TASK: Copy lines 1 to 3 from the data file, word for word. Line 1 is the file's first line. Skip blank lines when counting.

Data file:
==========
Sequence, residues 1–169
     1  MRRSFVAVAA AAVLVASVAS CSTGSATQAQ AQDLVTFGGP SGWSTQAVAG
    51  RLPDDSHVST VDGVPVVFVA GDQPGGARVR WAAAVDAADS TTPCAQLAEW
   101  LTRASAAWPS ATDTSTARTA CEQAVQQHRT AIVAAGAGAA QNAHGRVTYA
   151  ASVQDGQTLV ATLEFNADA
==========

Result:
Sequence, residues 1–169
     1  MRRSFVAVAA AAVLVASVAS CSTGSATQAQ AQDLVTFGGP SGWSTQAVAG
    51  RLPDDSHVST VDGVPVVFVA GDQPGGARVR WAAAVDAADS TTPCAQLAEW